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Combatting the IS’s law violations: Should we reprise reprisals?

Since its inception, the Islamic State (IS) has engaged in continuous behavior that violates the law of armed conflict (LOAC). These acts include the torture and killing of civilians; inhumane treatment of detainees generally, and in particular, women; forced compliance with religious and cultural practices; and, most recently, the systematic destruction and/or illegal sale of important cultural property.

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Redfern and Hunter on International Arbitration

Oxford Law Vox: The evolution of international arbitration

As part of the launch of the sixth edition of ‘Redfern and Hunter on International Arbitration’, one half of the book’s authorial team Nigel Blackaby and Constantine Partasides QC met up with Law Vox podcast host George Miller. Together they discussed the evolution of international arbitration and the influential role Redfern and Hunter have played in the field.

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Journal of Refugee Studies

Time to reform the international refugee regime

Europe is currently scrambling to cope with the arrival of over one million asylum seekers. Responses have ranged from building walls to opening doors. European Union countries have varied widely in their offers to resettle refugees.

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The history of international law [timeline]

Where and when did the history of international law begin? Many scholars have argued about the definitive date and periodisation of certain dynamic developments, let alone which treaties, institutions, and figures have shaped the field’s core doctrines.

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Res gestae: The prosecutor’s backdoor

One of the principal dangers of admitting hearsay evidence in court is that a witness’s veracity cannot be tested by cross-examination. Notwithstanding that, where a witness is dead, or it is impractical for the witness to attend because she is out of the country, we may recognise the case for admitting hearsay under the Criminal Justice Act 2003.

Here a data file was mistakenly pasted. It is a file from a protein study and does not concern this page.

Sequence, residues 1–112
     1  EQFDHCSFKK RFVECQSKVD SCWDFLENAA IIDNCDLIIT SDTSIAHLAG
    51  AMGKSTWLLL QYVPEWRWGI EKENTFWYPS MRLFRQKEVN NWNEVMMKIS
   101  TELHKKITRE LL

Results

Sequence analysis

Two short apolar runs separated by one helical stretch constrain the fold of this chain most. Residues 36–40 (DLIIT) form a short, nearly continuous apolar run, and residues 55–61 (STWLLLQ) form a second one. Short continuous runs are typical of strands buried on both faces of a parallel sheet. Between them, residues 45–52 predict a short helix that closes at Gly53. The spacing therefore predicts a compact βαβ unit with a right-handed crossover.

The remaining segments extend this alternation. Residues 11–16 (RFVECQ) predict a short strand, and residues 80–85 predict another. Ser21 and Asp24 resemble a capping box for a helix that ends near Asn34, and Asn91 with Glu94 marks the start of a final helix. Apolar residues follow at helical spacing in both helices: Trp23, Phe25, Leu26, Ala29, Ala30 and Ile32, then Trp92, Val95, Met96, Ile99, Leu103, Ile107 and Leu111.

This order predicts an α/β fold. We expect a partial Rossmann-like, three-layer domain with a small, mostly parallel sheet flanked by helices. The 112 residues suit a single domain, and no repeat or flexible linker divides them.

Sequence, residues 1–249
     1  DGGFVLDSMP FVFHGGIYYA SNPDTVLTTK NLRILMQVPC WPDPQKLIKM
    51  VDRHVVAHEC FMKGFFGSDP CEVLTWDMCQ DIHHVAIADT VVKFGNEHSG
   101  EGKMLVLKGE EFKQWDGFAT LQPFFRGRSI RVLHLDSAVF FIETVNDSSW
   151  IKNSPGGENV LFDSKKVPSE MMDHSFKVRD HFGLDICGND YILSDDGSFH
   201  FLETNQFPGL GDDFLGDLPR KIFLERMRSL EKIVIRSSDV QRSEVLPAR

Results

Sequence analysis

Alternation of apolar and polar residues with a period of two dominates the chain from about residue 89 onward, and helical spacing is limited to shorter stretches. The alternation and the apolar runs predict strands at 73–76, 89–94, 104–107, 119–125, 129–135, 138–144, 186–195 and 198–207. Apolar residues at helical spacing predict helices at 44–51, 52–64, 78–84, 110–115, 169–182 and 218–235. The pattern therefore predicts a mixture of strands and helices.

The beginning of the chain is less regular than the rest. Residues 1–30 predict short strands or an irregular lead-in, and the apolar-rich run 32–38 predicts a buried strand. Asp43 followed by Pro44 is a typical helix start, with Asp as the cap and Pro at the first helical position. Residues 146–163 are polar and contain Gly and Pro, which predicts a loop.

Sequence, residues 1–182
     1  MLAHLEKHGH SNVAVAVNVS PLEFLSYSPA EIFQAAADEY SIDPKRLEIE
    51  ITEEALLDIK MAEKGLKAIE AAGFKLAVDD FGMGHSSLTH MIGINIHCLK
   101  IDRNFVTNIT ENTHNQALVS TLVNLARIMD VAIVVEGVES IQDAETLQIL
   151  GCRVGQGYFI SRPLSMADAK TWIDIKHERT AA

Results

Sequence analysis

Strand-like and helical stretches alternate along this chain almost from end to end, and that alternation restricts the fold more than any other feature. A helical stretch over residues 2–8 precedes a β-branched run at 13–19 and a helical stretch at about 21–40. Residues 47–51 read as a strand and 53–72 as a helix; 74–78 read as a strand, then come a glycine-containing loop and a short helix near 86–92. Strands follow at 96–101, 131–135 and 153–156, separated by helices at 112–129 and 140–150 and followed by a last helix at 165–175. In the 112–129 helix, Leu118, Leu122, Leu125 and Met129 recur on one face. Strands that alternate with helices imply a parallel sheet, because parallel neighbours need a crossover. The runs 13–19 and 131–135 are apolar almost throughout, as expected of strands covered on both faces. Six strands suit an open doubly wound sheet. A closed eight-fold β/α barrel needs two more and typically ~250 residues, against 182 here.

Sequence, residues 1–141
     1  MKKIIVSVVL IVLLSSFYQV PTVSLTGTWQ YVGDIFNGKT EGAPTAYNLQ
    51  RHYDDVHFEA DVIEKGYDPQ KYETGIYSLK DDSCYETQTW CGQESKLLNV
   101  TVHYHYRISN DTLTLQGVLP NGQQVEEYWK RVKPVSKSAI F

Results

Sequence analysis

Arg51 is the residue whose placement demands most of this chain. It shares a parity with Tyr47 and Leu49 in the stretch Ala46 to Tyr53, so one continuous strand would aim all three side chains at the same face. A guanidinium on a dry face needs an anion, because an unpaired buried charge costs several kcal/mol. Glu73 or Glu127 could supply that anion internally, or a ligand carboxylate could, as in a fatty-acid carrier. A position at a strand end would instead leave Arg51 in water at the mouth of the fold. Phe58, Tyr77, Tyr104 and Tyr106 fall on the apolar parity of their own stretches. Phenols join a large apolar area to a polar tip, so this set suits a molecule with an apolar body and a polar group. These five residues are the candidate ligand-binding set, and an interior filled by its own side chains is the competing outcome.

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Police shootings and the black community

In a recent Huffington Post piece entitled “Police Shootings Are About Class as Well as Race,” Jesse Jackson argued that the issue of police violence specifically, and an unjust and excessive criminal justice system in general, are disproportionately experienced by the poor, irrespective of race.

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My life as a ‘career Special’

In 2004, I was waiting on a tube platform and spotted posters asking: ‘Police – could you?’. I thought about that a lot and realised that, at that point in time, I couldn’t. I didn’t feel certain enough that, in difficult situations, I would have good enough judgement always to do the right thing. Fast forward ten years and I’d done a fair bit of growing up. I’d worked in a police force and spent a lot of time with officers – both regulars and Specials.

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From ad hoc arbitral tribunals to permanent courts: three examples